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By Carl Adamec

HARTFORD, Conn. -- It's not uncommon to see University of Connecticut women's basketball coach Geno Auriemma run his hands through his hair on the sidelines when one of his players commits an unforced or unnecessary turnover.

At least he isn't pulling his hair out yet, though he might have had an excuse to during the third-ranked Huskies' 72-58 Big East win over No. 15 Louisville at the XL Center Tuesday night.

UConn (15-1 overall, 3-1 Big East) had 18 turnovers. Seven were by senior Kelly Faris, the nation's leader in assist-to-turnover ratio. Four were by junior Bria Hartley, who entered the game fifth in the Big East in assist-to-turnover ratio. Fourteen of Louisville's points came off those turnovers.

"I worry about it every day," Auriemma said. "You should see our practices. I worry about it every day that we get playing quickly, we get ahead of ourselves, we get anxious, whatever you want to call it. And as good as our defense is, it's a shame to come down the floor and not get a shot. You talk about 18 turnovers ... This is the way I explain it to our players. We got 64 shots. So let's say we cut those turnovers to 10. That means eight times we didn't get a shot. So in those eight possessions we make three 3-pointers. That's nine more points. That's a huge difference in the game. And that's the kind of thing that catches up to you later on if you don't fix it.

"And that's the one thing I think sometimes makes winning look a lot more difficult than it is. It's that you don't get a quality shot every time down the floor. And when you ask yourself why, and if I were to show it to you on film, you just can't believe some of the things that we do."

The Louisville game was the third time this season that the Huskies had more turnovers (18) than assists (17). The other games were Maryland (16 assists to 17 turnovers) and Penn State (11 assists to 20 turnovers). In the loss to Notre Dame, UConn was a plus-7 in assists (21 to 14).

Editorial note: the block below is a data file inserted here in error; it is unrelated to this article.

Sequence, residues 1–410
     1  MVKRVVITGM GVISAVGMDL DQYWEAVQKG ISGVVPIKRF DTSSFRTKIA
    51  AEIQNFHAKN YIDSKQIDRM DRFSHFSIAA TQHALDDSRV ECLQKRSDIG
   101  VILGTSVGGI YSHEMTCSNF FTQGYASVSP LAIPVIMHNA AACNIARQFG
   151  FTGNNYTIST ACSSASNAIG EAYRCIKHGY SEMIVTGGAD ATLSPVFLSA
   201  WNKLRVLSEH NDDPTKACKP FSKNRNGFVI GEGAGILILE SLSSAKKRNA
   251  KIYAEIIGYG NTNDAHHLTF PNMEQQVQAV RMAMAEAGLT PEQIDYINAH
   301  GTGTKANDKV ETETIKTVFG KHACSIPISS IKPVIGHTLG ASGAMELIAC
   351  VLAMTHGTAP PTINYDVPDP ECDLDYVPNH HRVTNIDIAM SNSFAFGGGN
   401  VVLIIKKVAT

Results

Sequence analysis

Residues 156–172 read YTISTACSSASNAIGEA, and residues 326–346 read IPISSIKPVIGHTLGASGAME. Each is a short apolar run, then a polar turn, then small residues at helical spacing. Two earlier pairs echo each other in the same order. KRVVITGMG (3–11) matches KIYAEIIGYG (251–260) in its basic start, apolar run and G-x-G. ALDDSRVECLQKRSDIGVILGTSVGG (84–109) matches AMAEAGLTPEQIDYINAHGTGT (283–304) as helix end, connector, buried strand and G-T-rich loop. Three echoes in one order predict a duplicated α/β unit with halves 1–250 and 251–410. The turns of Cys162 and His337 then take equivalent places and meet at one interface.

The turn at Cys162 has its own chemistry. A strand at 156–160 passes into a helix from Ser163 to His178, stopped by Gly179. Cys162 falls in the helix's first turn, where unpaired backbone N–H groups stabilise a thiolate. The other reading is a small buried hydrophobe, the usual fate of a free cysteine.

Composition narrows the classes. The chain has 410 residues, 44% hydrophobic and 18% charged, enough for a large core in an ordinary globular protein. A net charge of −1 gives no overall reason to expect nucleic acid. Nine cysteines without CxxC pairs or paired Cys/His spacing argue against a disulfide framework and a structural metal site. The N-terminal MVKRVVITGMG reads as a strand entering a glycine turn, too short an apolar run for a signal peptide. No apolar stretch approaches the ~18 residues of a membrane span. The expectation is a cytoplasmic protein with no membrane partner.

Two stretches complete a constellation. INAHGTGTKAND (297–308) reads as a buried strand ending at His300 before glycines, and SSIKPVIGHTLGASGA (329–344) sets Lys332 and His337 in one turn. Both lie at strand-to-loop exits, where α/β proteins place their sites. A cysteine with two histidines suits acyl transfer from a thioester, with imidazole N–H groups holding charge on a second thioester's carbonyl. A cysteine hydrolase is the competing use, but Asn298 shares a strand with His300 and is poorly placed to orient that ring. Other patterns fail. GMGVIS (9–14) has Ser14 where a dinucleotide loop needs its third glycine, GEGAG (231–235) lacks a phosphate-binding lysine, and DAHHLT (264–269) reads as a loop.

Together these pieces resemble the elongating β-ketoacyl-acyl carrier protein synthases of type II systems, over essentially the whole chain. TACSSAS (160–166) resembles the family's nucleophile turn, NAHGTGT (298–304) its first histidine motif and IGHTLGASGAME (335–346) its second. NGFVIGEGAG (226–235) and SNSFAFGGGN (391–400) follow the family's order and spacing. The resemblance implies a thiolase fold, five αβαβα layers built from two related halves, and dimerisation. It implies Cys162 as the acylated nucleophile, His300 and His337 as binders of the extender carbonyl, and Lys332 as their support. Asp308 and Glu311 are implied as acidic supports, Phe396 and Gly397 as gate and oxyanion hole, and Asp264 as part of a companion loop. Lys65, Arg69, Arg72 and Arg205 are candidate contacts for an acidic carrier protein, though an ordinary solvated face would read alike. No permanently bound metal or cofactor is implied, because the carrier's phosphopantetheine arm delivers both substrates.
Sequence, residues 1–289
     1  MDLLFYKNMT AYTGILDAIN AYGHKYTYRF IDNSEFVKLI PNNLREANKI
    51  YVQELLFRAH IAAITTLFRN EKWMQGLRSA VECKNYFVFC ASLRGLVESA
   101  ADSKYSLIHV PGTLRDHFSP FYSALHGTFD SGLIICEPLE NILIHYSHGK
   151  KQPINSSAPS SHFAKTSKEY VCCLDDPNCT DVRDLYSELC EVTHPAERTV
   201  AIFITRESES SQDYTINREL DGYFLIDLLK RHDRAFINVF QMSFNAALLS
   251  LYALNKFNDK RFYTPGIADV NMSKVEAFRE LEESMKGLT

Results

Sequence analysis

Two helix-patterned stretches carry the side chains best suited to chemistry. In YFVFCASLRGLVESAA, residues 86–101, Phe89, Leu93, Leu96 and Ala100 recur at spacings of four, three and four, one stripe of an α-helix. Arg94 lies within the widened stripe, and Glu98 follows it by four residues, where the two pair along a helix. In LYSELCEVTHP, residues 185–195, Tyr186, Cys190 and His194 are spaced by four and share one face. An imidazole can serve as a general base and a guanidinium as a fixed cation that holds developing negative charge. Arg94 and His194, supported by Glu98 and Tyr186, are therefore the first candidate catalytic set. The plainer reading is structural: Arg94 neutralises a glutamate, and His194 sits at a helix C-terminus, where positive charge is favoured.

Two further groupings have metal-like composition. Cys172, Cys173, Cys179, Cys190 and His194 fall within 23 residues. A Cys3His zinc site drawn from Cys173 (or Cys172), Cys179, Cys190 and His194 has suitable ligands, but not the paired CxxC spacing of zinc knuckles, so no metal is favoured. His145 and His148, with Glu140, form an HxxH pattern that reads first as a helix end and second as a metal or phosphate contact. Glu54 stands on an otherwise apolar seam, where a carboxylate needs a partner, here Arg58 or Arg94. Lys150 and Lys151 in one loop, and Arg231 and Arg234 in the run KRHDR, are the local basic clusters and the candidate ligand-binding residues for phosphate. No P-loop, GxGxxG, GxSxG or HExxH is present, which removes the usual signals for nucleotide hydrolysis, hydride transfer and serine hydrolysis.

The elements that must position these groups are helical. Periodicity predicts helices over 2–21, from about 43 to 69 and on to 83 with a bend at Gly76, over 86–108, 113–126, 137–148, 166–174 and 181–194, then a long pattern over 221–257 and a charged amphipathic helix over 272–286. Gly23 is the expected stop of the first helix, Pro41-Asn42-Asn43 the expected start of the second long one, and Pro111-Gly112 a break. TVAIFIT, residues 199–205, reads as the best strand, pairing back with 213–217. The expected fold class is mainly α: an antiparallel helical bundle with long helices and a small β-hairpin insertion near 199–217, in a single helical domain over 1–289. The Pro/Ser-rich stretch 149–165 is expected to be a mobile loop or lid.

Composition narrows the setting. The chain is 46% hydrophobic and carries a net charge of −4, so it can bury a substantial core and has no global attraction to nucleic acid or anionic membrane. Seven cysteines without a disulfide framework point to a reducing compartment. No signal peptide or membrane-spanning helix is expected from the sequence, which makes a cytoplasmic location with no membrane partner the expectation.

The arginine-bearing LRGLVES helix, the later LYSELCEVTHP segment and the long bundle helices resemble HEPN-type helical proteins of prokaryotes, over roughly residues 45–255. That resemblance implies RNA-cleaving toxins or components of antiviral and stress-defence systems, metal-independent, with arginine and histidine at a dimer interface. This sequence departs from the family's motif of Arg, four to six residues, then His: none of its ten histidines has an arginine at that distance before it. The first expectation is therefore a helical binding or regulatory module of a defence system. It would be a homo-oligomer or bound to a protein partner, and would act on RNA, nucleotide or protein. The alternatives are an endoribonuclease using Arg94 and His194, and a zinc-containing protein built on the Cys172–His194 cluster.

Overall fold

Of the nine players that saw eight or more minutes of action Tuesday night, only freshman point guard Moriah Jefferson and sophomore center Kiah Stokes didn't commit a turnover. Stefanie Dolson and Brianna Banks had two turnovers apiece.

Auriemma brought up something assistant coach Shea Ralph said on the UConn bench.

"Shea made a good point. I think some of our players, they're doing what they want to happen instead of what's actually going on," Auriemma said. "So you've got Stefanie, who's got the ball at the high post going, 'I really want to throw this to Kiah and get her a layup. And the fact that there's four people guarding her, I really don't (care).' So we're trying to work really hard at, 'Don't worry about the guy that you're passing to. Figure out where everybody else is that's on their team.' It's a foreign concept."

But if Auriemma thinks he's got it bad, look around the Big East. Only four league teams -- UConn, Villanova, Notre Dame, and DePaul -- have more assists than turnovers this season. Louisville (14-4, 2-2) is at a minus-37. The Huskies' opponent here on Saturday, Syracuse (15-1, 3-0), has 278 assists and 278 turnovers.

Making progressTuesday night's game was Stokes' third since returning after sitting out a month with a stress reaction in her right shin. It was the Marion, Iowa's native best effort.

In 12 minutes off the bench, she had just two points. But it was her six rebounds, three blocked shots, and just overall inside presence that won praise.

"Kiah Stokes was great," Auriemma said. "With Kiah you almost ask yourself, 'Are you capable of doing that every night?' What I'm going to do is throw her out there, see what she does, and when she plays like she played tonight leave her in there for as long as she keeps doing what she did tonight.

"Kiah's minutes at Connecticut are completely dependent on her, and the way she played tonight, it changes out team a little bit. If we could ever play those two (Dolson and Stokes) and Breanna Stewart together, that is not a bad way to go against some teams and in certain situations. But I want to see Kiah do this more than once before I say this is what we are going to get from her every night."

Recruit reportUConn-bound guard Saniya Chong from Ossining, N.Y., became Westchester County's all-time leading scorer Wednesday. According a story on The Journal News website, Chong scored 24 of her 43 points in the fourth quarter as Ossining High (9-3) topped previously unbeaten Hamilton 88-79.

Chong reached the milestone with a free throw with 6:05 left. She broke the 27-year-old record of Peekskill's Sheila Wagner (2,476). With 2,492 points, Chong can now shoot for the Section 1 scoring mark of 2,662 points set by Karen O'Connor in 1987.

That's the ticketAs of Tuesday, approximately 2,500 tickets remained for Saturday's Syracuse game at the XL Center (4 p.m., SNY), and 1,500 tickets remained for Monday's game against unbeaten and No. 4 Duke at Gampel Pavilion.

Tags: Women's Basketball, UCONN , Carl Adamec
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